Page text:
We find that a policy rule, whereby a central bank lowers its policy rate in response to financial sector instability, yields different short-term outcomes in terms of output and inflation than the traditional Taylor rule. Our model illustrates that as long as the financial instability shock is short-lived and of reasonable magnitude, a forward-looking central bank can prop up the banking system with monetary easing, limiting the short-term fall in the level of output and consumption as compared to the traditional Taylor rule. The central bank following the augmented rule trades off more output and inflation instability today for a faster return to the trend path tomorrow. The nature of monetary policy remains unchanged under this rule, and although the reaction of the central bank to financial instability is much faster than under the Taylor rule, the long-run impact on consumption appears negligible.

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### Appendix

To derive the equations to solve the model numerically we follow Monacelli (2004).

##### Households:

Households consume a basket of goods according to

By solving

where *X*_{t} is total nominal expenditure, *P*_{t}(*i*) is the price of good *i*.

We obtain

where *i*.

The optimization problem of households stated in the text is:

The first order conditions for this problem can be summarized as

- $\frac{{n}_{t}^{\phi}}{{c}_{t}^{-\sigma}}={w}_{t}$
- $\begin{array}{ccc}{c}_{t}^{-\sigma}=\beta {E}_{t}\left({r}_{t+1}{c}_{t+1}^{-\sigma}\frac{{P}_{t}}{{P}_{t+1}}\right)& \phantom{\rule{7.0em}{0ex}}& (\text{A2})\end{array}$

In log-linear terms, these equations can be written as

- $\phi {\stackrel{\u2322}{n}}_{t}+\sigma {\stackrel{\u2322}{c}}_{t}={\stackrel{\u2322}{w}}_{t}$
- $-\sigma {\stackrel{\u2322}{c}}_{t}={E}_{t}({\stackrel{\u2322}{r}}_{t+1}-{\widehat{\pi}}_{t+1}-\sigma {\stackrel{\u2322}{c}}_{t+1})$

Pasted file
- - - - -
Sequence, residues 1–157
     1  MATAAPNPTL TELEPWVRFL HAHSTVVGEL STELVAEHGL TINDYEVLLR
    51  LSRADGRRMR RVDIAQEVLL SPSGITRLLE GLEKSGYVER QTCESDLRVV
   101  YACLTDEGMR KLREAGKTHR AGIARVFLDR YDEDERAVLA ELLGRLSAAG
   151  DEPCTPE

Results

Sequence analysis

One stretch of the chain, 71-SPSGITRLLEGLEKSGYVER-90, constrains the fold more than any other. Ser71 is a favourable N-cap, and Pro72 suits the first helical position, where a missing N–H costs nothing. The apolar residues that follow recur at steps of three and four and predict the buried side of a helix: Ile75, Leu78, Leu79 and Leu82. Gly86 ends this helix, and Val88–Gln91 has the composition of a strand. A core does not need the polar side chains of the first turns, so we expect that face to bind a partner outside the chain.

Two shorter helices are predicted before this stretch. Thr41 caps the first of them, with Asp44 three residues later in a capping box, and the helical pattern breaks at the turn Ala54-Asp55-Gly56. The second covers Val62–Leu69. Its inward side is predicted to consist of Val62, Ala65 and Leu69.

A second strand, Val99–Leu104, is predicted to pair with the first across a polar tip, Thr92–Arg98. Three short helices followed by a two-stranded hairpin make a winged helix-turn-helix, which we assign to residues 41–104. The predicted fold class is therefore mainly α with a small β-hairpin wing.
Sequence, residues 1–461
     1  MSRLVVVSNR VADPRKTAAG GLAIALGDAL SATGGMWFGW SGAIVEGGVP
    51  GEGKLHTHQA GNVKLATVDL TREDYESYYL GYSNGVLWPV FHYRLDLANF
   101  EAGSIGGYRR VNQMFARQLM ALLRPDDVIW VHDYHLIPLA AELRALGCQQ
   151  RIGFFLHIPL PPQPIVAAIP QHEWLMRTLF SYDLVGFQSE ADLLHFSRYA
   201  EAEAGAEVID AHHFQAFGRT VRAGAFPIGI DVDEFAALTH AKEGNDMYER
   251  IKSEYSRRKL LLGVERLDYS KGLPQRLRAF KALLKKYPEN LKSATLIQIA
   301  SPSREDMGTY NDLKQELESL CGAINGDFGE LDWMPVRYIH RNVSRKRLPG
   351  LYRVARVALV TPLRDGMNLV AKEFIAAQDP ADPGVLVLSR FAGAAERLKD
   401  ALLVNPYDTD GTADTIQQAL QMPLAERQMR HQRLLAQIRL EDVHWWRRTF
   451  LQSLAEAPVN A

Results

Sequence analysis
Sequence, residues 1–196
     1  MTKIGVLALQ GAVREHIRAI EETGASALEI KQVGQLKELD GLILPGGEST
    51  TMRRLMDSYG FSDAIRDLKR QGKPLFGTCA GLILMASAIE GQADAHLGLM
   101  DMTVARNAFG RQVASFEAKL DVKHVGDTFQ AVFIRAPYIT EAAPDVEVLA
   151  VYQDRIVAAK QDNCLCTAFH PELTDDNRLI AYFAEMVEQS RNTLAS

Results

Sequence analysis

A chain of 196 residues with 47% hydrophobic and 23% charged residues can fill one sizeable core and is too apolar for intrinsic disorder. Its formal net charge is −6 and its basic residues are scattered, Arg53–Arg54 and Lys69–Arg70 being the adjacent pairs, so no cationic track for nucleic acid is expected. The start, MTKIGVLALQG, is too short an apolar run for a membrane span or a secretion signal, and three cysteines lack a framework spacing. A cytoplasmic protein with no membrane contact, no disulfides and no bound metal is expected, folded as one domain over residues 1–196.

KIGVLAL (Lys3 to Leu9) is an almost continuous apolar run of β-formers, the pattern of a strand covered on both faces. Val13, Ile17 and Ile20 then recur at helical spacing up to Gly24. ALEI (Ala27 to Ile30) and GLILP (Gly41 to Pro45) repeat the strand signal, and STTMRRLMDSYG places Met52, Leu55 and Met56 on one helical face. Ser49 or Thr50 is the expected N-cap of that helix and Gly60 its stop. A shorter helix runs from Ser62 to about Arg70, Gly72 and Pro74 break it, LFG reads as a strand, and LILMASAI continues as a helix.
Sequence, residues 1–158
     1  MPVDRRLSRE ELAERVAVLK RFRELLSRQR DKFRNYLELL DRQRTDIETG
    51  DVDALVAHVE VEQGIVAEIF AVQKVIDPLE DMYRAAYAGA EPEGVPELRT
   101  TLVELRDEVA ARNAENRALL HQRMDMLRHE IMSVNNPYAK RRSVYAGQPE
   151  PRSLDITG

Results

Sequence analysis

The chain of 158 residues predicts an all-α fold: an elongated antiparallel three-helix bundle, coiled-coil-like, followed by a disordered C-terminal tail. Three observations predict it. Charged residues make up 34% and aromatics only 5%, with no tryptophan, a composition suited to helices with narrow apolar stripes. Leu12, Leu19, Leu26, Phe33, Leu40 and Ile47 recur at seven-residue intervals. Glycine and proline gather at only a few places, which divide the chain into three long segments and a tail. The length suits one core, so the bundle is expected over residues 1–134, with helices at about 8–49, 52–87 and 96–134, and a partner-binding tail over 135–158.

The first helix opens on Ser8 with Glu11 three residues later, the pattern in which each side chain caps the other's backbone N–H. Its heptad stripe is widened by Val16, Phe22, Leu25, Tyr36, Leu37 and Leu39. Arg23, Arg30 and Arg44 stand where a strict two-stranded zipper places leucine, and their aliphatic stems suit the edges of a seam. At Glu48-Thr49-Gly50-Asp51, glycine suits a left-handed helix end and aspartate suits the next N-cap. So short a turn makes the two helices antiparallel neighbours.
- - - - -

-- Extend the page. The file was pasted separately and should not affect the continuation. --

where variables in hat denote log-deviations from steady state.

##### Goods Firms:

Given our assumption of sticky prices, the evolution of the aggregate price index can be written as

A firm *j* that has to decide on the price of its product in period *t* has to take into account the fact that it will be able to reset its price in the future with probability 1 *− θ*. Then the problem of such firm in period *t* can be written as

where *Y*_{t+k}(*i*) is the nominal production of good *I* in period *t+k* and, given that in our model *C*_{t}(*i*) = *Y*_{t} (*i*) ∀*i*, the constraint is given by the demand equation (A1). We define

Rearranging the FIRST ORDER CONDITIONS of the problem and using equation (A3) we obtain

Log-linearizing this expression we get

where

The aggregate production function is

In log-linear terms

Cost-minimization implies the following efficiency condition for the choice of labor

where υ is a constant subsidy to employment that exactly offsets the distortion associated with monopolistic competition, such that in steady state the economy achieves the efficient allocation. Combining this last equation with the first FIRST ORDER CONDITIONS of households:

Replacing (A6) in (A8) and writing this equation in log-linear terms

##### Flexible-price allocation:

Under flexible prices, the problem of firm *i* is

where *T*^{f} is a constant lump-sum tax to goods firms. From here we get

From this equation we can conclude that under flexible prices the real marginal cost will be constant and given by

This is the *natural level of output* (expressed as log-deviations from steady state). The star refers to the variables in the flexible price allocation.

##### Forward-looking Phillips Curve:

Subtracting (A10) from (A9) we obtain

where *x*_{t} is the output gap defined as the difference between output and its natural level.

Substituting equation (A11) in (A4) we obtain the *forward-looking Phillips Curve*:

where

##### Computation of *ω*_{t} and *z*_{t}:

First remember that *χ*(*ω*_{t}) = *z*_{t}. Next we have to distinguish two cases according to whether the marginal firm *ω*_{t} is risky (i.e., *ω*_{t} > *γ*) or not (*ω*_{t} < *γ*).

*ω*_{t}>*γ*

Recall ^{equation (3)} in the text

Then *ω*_{t} can be computed as the cdf of a lognormal distribution with parameters *μ* and *σ* for

*ω*_{t}<*γ*

Again, taking into account that

In this case *ω*_{t} needs to be computed by a numerical root-finding algorithm.

Let *ω*_{t} < *γ* and *ω*_{t}>*γ*. Then for a given *i*_{t},: